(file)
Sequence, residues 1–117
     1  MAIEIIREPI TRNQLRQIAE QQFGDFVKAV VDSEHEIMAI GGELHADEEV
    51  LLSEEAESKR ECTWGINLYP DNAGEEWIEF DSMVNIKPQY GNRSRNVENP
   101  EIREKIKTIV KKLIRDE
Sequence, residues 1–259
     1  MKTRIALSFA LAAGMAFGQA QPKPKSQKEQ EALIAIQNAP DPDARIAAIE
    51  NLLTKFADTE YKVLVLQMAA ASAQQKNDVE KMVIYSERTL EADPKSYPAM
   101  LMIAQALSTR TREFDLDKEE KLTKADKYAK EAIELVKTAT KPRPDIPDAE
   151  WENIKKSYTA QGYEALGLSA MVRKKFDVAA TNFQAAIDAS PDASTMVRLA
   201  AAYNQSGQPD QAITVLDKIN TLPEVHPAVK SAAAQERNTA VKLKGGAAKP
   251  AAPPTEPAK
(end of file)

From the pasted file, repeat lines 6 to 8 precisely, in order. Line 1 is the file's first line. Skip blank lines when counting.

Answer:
     1  MKTRIALSFA LAAGMAFGQA QPKPKSQKEQ EALIAIQNAP DPDARIAAIE
    51  NLLTKFADTE YKVLVLQMAA ASAQQKNDVE KMVIYSERTL EADPKSYPAM
   101  LMIAQALSTR TREFDLDKEE KLTKADKYAK EAIELVKTAT KPRPDIPDAE